The nurses in the home decided to carry my Dad in his bed through to the hospice.
I still well up when I remember my parents holding hands for the last time.

I think these are the small acts that often times get missed. I was in Target a couple of weeks ago buying the frozen lunch that my wife likes. They were rearranging their frozen food aisle and what I was looking for was nowhere to be found. One of the stockers asked what I was looking for and then went into the back and got it. Someone does their job and we take it for granted. But, if we slow down and appreciate it, it can make our day a little more cheerful and make up for some of the bad things.

Wow. What a beautiful story. Thank you.

Damn but it’s getting dusty in here.

Quite a while back my mum died suddenly and I became pretty depressed for the next few months. I got so accustomed to being in the fog of misery that I didn’t even try to get help or help myself. So I went into a local whole food shop to get some food and snacks for roleplaying. I ended up choosing a number of (healthy treats). I don’t remember exactly what the young woman at the counter said to me, it was something about it being good to treat yourself when you were having a bad day. She was genuinely caring and I appreciated that she had noticed how unhappy I was. I walked out of there into the nice spring day and realised that the fog had lifted. Just a bit of unexpected kindness can indeed go such a long way.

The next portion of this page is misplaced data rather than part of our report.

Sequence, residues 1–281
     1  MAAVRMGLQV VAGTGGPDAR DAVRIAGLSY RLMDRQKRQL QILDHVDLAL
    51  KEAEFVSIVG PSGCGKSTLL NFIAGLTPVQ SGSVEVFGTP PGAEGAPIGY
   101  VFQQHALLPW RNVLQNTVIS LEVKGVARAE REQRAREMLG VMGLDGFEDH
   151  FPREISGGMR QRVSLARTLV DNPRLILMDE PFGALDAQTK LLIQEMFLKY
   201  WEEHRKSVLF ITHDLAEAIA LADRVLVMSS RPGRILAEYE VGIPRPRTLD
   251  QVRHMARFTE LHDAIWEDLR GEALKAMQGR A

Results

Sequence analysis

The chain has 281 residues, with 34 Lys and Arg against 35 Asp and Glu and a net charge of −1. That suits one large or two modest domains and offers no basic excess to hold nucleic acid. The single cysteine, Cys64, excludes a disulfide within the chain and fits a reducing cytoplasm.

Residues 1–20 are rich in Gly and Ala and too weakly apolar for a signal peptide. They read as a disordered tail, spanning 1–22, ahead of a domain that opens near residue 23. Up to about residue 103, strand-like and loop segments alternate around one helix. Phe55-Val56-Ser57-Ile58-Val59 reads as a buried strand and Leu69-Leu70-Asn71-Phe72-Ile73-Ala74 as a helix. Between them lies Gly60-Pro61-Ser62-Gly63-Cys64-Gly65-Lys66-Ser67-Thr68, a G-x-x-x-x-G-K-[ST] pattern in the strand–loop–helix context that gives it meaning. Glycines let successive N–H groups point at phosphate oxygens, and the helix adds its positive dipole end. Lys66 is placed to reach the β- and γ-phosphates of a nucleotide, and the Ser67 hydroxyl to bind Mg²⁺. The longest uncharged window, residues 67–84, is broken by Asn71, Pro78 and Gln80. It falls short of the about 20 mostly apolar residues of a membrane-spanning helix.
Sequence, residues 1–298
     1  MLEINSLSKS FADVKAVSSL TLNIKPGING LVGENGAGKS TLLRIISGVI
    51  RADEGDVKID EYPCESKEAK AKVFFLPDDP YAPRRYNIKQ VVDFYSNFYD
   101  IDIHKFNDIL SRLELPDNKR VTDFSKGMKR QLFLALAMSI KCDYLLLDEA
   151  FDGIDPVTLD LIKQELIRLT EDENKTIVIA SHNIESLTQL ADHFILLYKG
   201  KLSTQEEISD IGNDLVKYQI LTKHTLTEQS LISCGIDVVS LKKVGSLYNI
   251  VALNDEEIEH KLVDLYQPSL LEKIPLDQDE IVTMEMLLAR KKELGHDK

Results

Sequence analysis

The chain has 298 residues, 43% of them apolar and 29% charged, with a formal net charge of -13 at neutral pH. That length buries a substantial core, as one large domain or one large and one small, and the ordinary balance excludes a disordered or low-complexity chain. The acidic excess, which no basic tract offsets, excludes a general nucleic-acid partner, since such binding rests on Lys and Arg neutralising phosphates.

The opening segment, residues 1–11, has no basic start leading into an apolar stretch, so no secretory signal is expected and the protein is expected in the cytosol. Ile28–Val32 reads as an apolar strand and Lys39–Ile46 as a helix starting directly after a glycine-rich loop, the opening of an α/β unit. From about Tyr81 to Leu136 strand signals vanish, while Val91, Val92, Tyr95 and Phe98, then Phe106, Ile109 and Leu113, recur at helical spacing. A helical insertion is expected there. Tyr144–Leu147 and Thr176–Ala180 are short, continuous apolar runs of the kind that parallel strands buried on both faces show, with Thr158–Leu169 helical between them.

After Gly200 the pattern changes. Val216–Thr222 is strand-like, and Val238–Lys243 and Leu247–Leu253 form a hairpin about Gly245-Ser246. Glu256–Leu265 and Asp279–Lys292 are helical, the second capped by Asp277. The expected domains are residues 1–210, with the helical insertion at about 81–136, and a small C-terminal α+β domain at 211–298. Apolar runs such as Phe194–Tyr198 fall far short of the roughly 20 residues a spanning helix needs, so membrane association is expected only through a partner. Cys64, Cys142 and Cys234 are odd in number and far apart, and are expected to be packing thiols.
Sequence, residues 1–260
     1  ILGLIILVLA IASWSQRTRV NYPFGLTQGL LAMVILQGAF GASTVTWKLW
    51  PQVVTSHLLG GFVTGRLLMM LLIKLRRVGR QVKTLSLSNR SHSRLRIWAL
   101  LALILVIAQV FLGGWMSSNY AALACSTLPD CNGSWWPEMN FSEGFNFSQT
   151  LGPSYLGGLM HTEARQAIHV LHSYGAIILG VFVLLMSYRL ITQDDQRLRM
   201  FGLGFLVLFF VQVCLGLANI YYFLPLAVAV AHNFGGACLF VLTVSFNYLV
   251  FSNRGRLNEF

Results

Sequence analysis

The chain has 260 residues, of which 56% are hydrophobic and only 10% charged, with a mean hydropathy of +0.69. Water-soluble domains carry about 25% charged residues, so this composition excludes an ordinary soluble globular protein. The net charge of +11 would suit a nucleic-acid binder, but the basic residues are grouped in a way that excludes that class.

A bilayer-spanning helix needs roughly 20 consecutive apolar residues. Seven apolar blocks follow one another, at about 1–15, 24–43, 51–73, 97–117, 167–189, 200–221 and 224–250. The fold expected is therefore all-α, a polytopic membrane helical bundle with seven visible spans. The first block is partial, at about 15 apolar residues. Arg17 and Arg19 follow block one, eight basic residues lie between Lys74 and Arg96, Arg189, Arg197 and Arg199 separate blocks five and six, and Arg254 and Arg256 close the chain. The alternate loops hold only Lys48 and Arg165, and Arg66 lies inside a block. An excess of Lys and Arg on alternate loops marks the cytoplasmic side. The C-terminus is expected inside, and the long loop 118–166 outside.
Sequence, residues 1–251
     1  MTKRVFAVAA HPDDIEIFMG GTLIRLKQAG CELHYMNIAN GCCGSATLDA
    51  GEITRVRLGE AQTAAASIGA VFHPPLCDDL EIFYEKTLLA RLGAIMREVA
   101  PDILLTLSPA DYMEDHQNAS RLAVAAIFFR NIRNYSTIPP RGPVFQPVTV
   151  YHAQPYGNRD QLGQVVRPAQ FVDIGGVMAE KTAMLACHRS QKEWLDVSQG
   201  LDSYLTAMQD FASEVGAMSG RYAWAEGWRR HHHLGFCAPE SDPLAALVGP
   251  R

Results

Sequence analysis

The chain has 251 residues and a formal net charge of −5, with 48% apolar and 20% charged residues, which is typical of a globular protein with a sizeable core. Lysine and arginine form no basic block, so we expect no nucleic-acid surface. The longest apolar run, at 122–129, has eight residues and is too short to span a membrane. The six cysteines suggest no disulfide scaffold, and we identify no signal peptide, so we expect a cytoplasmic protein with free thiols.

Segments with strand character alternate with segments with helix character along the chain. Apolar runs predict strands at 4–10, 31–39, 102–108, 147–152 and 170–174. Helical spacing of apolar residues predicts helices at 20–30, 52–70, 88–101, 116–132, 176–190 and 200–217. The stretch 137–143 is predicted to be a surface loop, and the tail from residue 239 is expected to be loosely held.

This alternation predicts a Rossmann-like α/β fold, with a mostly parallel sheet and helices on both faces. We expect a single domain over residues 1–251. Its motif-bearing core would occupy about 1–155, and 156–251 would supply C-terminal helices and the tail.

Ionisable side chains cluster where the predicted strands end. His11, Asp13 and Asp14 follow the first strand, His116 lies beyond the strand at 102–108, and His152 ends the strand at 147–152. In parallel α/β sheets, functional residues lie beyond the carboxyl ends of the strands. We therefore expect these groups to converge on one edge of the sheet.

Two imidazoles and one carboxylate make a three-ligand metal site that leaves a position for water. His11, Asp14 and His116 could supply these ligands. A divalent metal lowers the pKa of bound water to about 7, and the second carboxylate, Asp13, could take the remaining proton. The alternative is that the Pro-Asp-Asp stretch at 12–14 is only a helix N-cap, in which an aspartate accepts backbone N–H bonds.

I am so sorry to hear about your wife. That is way too young for anyone to suffer from dementia.

I applaud you for your conscious decision to focus on positive things rather than the negative ones. That’s not so easy, and the world needs a whole lot more of that.

Steve McQwark, I’m very sorry about your wife, too. That has got to be tough.

My kindness story: a dear friend died about two months ago. He had been in a motorized wheelchair for the last two years. At the hospice facility where he died (after being there for a month), they have kept his wheelchair in a corner of one of the parlors just so I can go periodically and sit in it. I had sat in the wheelchair many times in his apartment when he was lying in bed or in his recliner. The hospice people have been very kind to me. I go over there about once or twice a week and sit in the wheelchair for a while and feel close to him and miss him. Sometimes someone comes and we visit and talk about him or other things. Sometimes I’m on my own. It may sound strange, but sitting in the wheelchair is a great comfort to me. They said they’ll keep it there as long as I want them to just for me. Eventually we’ll donate it to someone, but right now it means a lot to have a specific place to go.

My 13 year old is on the autism spectrum, and she receives a lot of small acts of kindness on practically a daily basis. One I vividly remember was trying to shop for 3-4 really needed items in Target, she was in the shopping cart seat having a meltdown and fighting to get out, and I was trying to keep her in the seat and calm her down. A fellow shopper simply grabbed the front of the cart to hold it steady for about 2 minutes, and after my daughter got settled simply asked “can I help you with anything else?”

Yes. +1.

Today I was in line to check in at the doctor’s office. There was a frail, elderly woman ahead of me with a younger person, presumably her daughter. The daughter was wearing a headscarf, appeared to be coping with the aftereffects of chemotherapy. Neither looked well.